Delay in presentation, an indicator for nerve function status at registration and for treatment outcome--the experience of the Bangladesh Acute Nerve Damage Study cohort.

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TitleDelay in presentation, an indicator for nerve function status at registration and for treatment outcome--the experience of the Bangladesh Acute Nerve Damage Study cohort.
Publication TypeJournal Article
AuthorsNicholls PG, Croft RP, Richardus JH, Withington SG, Smith WCS
Abbrev. JournalLepr Rev
JournalLeprosy review
Year of Publication2003
Volume74
Issue4
Pagination349-56
Publication Languageeng
KeywordsAdolescent, Adult, Age Factors, Aged, Cohort Studies, Communicable Disease Control, Confidence Intervals, Disability Evaluation, Drug Therapy, Combination, Female, Follow-Up Studies, Health Education, Health Knowledge, Attitudes, Practice, Humans, Leprostatic Agents, Leprosy, Male, Middle Aged, Nepal, Peripheral Nervous System Diseases, Prednisolone, Probability, Proportional Hazards Models, Risk Factors, Severity of Illness Index, Socioeconomic Factors, Time Factors, Treatment Outcome
Abstract

The objective of our research was to relate delay in presentation in the Bangladesh Acute Nerve Damage Study cohort to intake status and to treatment outcome. The Bangladesh Acute Nerve Damage Study (BANDS) is a prospective cohort study of 2664 consecutive newly registered patients at clinics run by the Danish-Bangladesh Mission Leprosy (DBLM) project in Nilphamari, northern Bangladesh. The 1-year intake began in April 1995. Three-year follow-up for PB cases and 5 years for MB cases was completed in 2001. Delay in presentation in the BANDS cohort is associated with increased signs of nerve function impairment at registration. Individuals presenting with no nerve impairment and maintaining nerve function to the end of follow-up had the shortest mean delays. Individuals presenting with impairment that did not improve during follow-up had the longest mean delays. Discussion focuses on the value of setting a threshold value defining early presentation. Since the WHO Grade 2 disability rate effectively sanctions lengthy delays where there is no impairment, an indicator relating directly to delay is preferred as an indicator for good practice in leprosy control.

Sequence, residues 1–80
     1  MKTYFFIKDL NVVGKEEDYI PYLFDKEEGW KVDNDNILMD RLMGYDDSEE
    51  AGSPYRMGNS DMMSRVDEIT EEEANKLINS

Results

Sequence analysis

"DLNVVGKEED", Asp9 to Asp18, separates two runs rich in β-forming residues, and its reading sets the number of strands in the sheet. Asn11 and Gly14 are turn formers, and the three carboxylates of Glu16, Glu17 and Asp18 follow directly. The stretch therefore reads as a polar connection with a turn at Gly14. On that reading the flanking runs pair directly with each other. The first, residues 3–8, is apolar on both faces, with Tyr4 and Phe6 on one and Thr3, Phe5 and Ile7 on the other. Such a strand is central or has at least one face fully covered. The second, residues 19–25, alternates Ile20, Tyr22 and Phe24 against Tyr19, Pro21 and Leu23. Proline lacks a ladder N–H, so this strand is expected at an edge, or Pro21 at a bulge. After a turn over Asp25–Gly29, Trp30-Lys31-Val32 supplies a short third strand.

PubMed URL

http://www.ncbi.nlm.nih.gov/pubmed/14750580?dopt=Abstract

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